Amid the dozens of gallopers the past few mornings at Churchill Downs, a filly was conspicuous by her cantering presence. Passed by one horse after another, Lily Pond looked like she was in no hurry.
“She’s enjoying it,” her exercise rider Rachel Richardson said Thursday morning. “We built up to a mile.”
Six furlongs Tuesday. Seven Wednesday. Then eight Thursday as the 3-year-old filly who won a Group 2 race back home in Ireland last month tries to add a U.S. Grade 1 victory to her résumé Saturday, namely the $500,000 Beverly D. Stakes.
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“We’ll do roughly about the same tomorrow,” said Pat Keating, best known as the traveling head lad working on behalf of trainer Aidan O’Brien. “It all depends on how things look, but we hope for the same tomorrow. We’ll just build her up slowly to Saturday and stay on the main track.”
Talk about one day at a time. One race at a time.
Lily Pond did not make her debut until April. Just five races later in her first Group/Grade 1 start, she is the 5-2 second choice in the Beverly D. The favorite at 2-1 is Rougir, a 4-year-old who won the 2021 Prix de l’Opéra (G1) in Paris before Peter Brant bought her for nearly $3.4 million and shipped her to trainer Chad Brown.
Bringing fresh talent to race at the top level on U.S. turf is nothing new for O’Brien in his work for Ireland racing giant Coolmore. For years it has been up to Keating to carry out that directive.
As an assistant trainer, Keating, 56, has been a frequent flyer to America. He was as much a fixture every summer at Arlington Park as the traditional champagne toasts after the big races on Million day.
Coolmore’s successes have included two winners in the Arlington Million (G1), four in the Secretariat (G1) and one in the Beverly D., a race for fillies and mares. That last breakthrough came with then 3-year-old Santa Barbara last summer, the final time the Million card was held at Arlington Park.
Now that the suburban Chicago racetrack is out of business, the Beverly D. has been moved south to Kentucky and cut from 1 3/16 to 1 1/8 miles. That was a distance that Lily Pond showed she could successfully handle July 17 when she won the Kilboy Estate (G2) at the Curragh.
“She has the ability to go a mile and two (furlongs),” Keating said. “A mile. A mile and one. A mile and two. That’s just her. She’s very versatile.”
In all five of her races, Lily Pond has pressed the pacesetters. On Saturday that may mean staying within striking distance of 5-year-old Princess Grace, a gate-to-wire winner last month in the 1 1/16-mile Dr. James Penny Memorial (G3) at Parx Racing. The pace, though, was hardly blistering. Princess Grace set fractions of 24.51, 49.08, 1:13.25 and 1:37.55 before crossing the finish line at 1:43.70.
That does not mean Hall of Famer John Velázquez, who won the Beverly D. twice riding Sistercharlie for Brown in 2018 and 2019, will take Lily Pond to an early lead.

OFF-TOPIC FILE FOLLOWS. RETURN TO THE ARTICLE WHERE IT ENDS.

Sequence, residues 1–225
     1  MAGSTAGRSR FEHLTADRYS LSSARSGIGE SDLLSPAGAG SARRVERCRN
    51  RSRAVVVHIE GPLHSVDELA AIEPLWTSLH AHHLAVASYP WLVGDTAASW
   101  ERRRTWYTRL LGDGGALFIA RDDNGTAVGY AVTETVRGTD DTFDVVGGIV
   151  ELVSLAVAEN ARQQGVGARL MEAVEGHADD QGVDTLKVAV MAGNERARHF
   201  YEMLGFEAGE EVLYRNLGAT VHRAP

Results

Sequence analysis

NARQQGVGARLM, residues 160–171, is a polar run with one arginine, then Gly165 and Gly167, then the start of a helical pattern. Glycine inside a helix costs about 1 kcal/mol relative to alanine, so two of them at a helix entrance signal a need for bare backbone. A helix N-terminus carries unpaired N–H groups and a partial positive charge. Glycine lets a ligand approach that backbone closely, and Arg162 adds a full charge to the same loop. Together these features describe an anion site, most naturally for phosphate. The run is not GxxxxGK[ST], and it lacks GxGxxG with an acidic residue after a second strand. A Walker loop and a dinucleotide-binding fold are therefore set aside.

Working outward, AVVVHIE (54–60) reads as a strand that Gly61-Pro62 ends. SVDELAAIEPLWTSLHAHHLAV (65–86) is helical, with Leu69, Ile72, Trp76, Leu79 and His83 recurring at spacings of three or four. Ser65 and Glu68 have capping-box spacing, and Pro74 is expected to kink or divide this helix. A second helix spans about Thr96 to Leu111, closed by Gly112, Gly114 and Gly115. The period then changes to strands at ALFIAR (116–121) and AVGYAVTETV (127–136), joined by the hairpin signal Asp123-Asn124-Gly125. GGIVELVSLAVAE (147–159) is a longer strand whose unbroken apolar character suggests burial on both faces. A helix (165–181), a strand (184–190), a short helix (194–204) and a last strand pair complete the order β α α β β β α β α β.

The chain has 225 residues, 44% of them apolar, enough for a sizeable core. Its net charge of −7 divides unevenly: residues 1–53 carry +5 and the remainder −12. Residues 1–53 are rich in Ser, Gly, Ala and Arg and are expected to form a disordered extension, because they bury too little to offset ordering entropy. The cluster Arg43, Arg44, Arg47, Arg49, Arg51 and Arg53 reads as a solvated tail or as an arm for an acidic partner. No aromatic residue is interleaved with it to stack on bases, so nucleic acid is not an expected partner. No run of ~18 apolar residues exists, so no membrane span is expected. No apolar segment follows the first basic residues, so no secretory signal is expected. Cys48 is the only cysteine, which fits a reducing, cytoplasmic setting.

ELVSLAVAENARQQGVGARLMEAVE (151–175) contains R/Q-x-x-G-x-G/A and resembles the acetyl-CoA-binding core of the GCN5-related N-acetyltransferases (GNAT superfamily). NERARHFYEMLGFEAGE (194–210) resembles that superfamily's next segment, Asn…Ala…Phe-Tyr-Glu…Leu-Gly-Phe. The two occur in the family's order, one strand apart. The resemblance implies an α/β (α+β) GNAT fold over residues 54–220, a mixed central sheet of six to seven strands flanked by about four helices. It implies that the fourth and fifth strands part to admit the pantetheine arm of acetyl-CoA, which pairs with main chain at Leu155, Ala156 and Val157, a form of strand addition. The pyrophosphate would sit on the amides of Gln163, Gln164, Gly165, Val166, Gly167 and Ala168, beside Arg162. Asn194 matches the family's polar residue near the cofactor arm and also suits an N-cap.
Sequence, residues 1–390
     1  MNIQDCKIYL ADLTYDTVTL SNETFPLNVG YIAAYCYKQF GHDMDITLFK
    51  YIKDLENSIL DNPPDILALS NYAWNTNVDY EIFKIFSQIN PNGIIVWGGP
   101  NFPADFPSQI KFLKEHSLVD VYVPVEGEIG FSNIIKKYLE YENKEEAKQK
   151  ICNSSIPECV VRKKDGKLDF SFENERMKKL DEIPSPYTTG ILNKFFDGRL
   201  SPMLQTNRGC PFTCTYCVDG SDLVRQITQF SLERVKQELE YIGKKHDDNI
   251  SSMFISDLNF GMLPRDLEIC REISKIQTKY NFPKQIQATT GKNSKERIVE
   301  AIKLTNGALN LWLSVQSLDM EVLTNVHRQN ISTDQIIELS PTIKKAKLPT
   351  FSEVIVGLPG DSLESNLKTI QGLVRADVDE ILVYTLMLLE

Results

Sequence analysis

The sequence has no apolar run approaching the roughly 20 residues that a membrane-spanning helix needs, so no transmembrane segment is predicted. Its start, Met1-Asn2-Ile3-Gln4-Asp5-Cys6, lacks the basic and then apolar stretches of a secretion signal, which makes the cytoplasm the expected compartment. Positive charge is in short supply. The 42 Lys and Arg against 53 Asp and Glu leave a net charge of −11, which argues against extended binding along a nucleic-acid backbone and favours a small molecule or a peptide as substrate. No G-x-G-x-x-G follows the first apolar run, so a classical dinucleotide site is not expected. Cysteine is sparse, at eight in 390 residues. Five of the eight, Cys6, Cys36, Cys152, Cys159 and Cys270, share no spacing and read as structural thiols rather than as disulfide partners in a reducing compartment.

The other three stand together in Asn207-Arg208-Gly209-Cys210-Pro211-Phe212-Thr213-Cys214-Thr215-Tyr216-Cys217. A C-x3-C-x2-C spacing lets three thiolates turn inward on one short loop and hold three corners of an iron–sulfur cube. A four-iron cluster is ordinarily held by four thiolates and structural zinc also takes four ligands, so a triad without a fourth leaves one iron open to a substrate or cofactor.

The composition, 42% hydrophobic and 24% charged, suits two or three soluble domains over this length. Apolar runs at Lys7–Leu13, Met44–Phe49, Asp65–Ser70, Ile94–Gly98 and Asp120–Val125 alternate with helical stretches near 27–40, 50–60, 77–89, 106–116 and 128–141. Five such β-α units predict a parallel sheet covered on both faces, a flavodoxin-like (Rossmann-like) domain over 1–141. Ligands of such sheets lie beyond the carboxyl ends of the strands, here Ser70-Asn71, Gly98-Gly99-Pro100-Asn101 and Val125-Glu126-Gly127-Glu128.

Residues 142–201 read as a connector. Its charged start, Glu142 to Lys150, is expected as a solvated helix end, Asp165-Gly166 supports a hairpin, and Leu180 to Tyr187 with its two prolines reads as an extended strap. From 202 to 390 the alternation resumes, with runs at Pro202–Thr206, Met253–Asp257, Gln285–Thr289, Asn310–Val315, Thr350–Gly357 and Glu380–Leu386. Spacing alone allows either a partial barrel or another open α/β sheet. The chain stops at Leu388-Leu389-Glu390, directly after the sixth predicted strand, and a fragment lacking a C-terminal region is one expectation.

“No, I wouldn’t think so,” Keating said. “I’m sure that Aidan and Johnny will make a plan. We’ll see what they want to do with her.”
The Coolmore homebred out of the Fastnet Rock broodmare Alluringly made her debut April 12 by winning a 1 5/16-mile maiden race on the synthetic track at Dundalk. Then in her turf debut on a rain-soaked course, Lily Pond finished a distant second as the 11-4 favorite in the 1 1/4-mile Blue Wind (G3) at Naas.
Two more Group 3 assignments followed, each against older fillies and mares. Lily Pond took third going 1 1/2 miles June 8 at Cork. Then on July 7 she weakened to finish a distant sixth in a 1 3/4-mile test at Leopardstown.
Undaunted, O’Brien brought her back only 10 days later and cut her back in distance for the Kilroy Estate victory that catapulted Lily Pond onto a flight to America.
Sired by the late, great stallion Galileo, she will break from the outside post and carry a career-low 120 pounds as the only 3-year-old in the Beverly D. field. Each of Lily Pond’s four older rivals was assigned 125 pounds.
Because of the tender condition of the slow-to-take-root turf course at Churchill Downs, workouts have been limited ahead of Saturday. That is when only the Beverly D. and Arlington Million will be run on the grass. Backside predictions about how the track will play have been both varied and uncertain.
Keating said, “I don’t know how the turf is.” Then he said he seldom concerned himself with the day-to-day condition of any such surface.
“We don’t go on the grass,” Keating said. “It’s normal. That’s the way we do it.”
And they do it slowly. Not with gallops but with a canter every morning.
Asked if Lily Pond looked any different this week compared with how she trained ahead of her last two races, Richardson said no. Then she reiterated what she said at the start of a walk from the track back to the quarantine barn.
“She’s enjoying her time here,” she said.
Whether Lily Pond’s human connections have the same feeling depends on what happens Saturday, when the weather is expected to be sunny with a high of 81 degrees. The Beverly D. is the fifth race on the card, and is scheduled to start at 3:01 p.m. EDT.